Most young people clearly prefer the merit based system and the opportunity to work hard and rise high. When a colleague said that it was very hard for anyone to be poor during the Soviet reign – I immediately became dreamy eyed till she went on and said that there was very little incentive for people to work hard and a disincentive for the brighter people. It reminded me of Ayn Rand’s “Atlas Shrugged” and how well it brings out the fallacies of the Marxian principle “from each according to his ability and to each according to his need”.
On the one hand, there was no need to work hard, on the other, there was hardly any incentive to either. There was no encouragement to enterprise – in fact it was illegal! (I feel like laughing since all we talk now is about promoting entrepreneurship). You couldn’t run even the smallest shop – whatever one produced was for the state. Everything was centrally planned – down to what clothes people would wear! There used to be pattern makers at the national level who would decide about 30-40 patterns of shirts/ dresses/ pants etc., the kind of fabric and colour – and all Govt. factories would manufacture a certain number of each type of clothing! (Anyone from the fashion industry reading this!) Imagine every fifteenth person wearing identical clothes!
I found a slide online which elaborates on what I am saying (not sure of source so can’t give credit):
It was even more surprising when during an official discussion, my colleagues mentioned that people traditionally do not have the habit to save. It sounded odd to me (since in India – everyone is busy saving – either in their bank accounts or under their pillow or inside tin boxes!). The reason was even more baffling. Since the state was supposed to provide for everyone, savings were actually frowned upon. You were probably a bourgeoisie if you decided to save some money!
Another interesting aspect was the attitude towards religion. The Soviet Union followed a policy of state atheism which basically discourages all religion. It is different from secularism where the state is officially neutral in religious matters. In simpler terms, the Soviet Government told its people to practice religion within the confines of their houses and that nothing of religious nature was to be done publicly. There were of course mosques and churches, but fewer and far between. Coming from India, where we celebrate everything together, on the streets, this seemed to me fascinating, bizarre, peaceful and bland all at the same time! Central Asia is a traditionally Islamic region and twenty eight years later, the attitude of people towards religion continues to be muted, though some countries are more religious than others. However, most of the Governments continue to discourage overt religious activity.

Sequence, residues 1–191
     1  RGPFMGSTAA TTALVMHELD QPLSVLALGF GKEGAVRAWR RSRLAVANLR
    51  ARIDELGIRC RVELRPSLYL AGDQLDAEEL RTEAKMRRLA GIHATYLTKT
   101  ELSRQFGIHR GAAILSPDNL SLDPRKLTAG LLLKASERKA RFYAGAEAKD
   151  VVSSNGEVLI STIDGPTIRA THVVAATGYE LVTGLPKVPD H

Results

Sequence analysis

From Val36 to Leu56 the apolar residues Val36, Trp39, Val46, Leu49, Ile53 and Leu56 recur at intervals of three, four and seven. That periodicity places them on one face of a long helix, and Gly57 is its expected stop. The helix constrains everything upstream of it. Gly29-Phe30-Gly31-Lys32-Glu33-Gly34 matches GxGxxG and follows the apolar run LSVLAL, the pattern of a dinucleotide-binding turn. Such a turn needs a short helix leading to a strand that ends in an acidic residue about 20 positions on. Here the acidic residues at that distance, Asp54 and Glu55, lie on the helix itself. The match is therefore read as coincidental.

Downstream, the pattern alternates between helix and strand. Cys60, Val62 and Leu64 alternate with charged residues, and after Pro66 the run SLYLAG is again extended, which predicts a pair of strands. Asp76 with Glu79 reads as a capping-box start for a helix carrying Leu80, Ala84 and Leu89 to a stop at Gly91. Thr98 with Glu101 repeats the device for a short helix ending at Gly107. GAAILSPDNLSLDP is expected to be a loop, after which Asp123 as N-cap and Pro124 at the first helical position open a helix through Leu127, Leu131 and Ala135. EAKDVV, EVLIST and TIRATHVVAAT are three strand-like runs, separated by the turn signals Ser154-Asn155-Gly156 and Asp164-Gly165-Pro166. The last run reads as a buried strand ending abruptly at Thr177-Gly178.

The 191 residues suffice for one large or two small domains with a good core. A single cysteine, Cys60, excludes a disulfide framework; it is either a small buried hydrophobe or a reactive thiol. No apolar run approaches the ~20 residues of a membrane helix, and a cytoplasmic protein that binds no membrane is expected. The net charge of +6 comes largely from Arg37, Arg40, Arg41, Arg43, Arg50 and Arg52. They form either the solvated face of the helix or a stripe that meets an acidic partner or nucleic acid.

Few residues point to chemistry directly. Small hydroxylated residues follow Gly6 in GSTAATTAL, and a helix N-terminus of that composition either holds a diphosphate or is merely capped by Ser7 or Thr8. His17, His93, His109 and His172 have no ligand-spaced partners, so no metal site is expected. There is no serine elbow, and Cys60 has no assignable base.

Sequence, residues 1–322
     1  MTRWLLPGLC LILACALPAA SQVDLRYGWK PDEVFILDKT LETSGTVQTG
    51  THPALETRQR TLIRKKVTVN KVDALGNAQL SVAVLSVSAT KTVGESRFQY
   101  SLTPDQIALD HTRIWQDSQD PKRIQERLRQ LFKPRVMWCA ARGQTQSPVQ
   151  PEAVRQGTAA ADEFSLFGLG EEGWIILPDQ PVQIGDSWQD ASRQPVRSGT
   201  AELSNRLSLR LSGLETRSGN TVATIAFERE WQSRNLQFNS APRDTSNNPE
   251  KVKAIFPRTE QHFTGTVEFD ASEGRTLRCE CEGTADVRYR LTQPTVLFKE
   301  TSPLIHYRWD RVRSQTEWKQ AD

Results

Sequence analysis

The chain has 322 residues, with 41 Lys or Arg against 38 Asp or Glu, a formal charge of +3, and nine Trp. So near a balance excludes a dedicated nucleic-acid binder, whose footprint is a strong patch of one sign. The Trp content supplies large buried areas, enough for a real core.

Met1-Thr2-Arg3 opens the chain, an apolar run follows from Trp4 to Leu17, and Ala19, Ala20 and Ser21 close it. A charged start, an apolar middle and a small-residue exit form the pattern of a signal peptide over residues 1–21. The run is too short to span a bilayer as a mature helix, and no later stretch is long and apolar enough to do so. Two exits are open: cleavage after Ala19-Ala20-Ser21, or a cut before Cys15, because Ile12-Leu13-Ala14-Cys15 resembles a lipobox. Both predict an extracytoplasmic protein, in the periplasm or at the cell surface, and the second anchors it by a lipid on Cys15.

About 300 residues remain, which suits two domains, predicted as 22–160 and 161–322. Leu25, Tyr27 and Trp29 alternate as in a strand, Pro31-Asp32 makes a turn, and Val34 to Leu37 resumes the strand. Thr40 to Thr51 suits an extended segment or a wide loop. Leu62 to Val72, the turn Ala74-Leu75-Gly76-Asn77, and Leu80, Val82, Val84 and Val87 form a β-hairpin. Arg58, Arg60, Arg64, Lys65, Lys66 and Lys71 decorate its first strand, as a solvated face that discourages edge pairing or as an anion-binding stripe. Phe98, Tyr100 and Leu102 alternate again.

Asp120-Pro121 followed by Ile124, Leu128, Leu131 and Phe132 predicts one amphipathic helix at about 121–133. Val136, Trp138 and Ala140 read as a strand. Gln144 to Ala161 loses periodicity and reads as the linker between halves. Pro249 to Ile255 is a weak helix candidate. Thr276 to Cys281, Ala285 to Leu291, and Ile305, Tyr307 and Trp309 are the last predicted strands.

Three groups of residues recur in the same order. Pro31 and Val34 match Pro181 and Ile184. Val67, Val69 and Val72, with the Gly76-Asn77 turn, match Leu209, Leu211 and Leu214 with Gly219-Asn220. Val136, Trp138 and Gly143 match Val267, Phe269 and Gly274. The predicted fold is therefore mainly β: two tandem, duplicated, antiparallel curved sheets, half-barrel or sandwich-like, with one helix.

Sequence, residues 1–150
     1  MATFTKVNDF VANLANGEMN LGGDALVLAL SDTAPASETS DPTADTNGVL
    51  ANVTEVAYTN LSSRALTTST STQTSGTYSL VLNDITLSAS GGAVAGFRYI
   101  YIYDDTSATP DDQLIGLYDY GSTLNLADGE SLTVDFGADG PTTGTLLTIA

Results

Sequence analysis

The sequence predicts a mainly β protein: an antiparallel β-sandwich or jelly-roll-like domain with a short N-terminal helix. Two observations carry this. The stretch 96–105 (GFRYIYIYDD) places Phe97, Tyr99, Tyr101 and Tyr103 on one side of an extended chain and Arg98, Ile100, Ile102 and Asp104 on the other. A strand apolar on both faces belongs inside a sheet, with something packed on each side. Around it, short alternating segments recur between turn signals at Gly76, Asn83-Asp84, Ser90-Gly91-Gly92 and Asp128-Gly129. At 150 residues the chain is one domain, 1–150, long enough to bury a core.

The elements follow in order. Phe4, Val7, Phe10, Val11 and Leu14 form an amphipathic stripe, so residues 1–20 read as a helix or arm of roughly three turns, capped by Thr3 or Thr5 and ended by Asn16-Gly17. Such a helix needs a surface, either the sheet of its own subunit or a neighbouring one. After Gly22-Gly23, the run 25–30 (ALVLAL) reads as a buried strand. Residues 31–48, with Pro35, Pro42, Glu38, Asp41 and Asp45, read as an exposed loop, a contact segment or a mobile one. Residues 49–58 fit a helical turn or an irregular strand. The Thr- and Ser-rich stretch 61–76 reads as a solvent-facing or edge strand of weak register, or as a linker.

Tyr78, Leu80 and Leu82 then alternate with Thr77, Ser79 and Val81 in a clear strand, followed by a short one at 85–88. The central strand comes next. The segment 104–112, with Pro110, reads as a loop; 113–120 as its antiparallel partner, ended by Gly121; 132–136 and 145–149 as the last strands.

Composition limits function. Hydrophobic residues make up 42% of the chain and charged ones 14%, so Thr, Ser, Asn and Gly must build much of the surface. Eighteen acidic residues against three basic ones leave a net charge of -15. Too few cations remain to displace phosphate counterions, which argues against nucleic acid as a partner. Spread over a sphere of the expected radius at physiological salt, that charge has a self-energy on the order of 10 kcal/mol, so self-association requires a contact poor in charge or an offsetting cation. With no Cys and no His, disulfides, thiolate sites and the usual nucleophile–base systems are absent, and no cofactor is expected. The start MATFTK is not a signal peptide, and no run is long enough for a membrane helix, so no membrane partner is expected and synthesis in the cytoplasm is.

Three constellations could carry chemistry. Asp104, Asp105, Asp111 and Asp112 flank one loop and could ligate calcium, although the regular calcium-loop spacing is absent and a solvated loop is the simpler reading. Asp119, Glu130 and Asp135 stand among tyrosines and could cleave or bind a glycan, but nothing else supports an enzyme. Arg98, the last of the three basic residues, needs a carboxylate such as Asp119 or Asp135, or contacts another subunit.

OK, I have just realised that it is pretty late at night (1.53 a.m.) and this is becoming a very long piece. I still haven’t got a chance to talk about the people, their food or culture, but if I start doing that now, this blog will become interminably long and probably not end. So however abrupt this end may seem, I must publish it and sleep. I hope you have enjoyed peeking into Central Asia. I will definitely be back with more. And do think about taking your next holiday in one of the Central Asian countries. I promise you will not be disappointed.
So for now dobroy nochi. That’s good night in Russian.
[…] 10-12 days a month. The experience was exhilarating and very very enriching. (more about it in future blogs) It also meant that I did not have much time to dwell on anything besides managing work and family […]
Nice read, well crafted. Looking forward to read about landscape, culture, food etc..
Thanks a lot. the next one will be coming soon. do follow my blog if you can.
Awesome piece as usual.
Shall cinsider Central Asia as our next holiday destination.
yes you should definitely – these places are not too far.
Excellent write up!
Keep your blogging up…
On another note, loved the Baba Yaga tales myself-always found then much more interesting than the milk-and-water Grimm’s!
Thanks so much!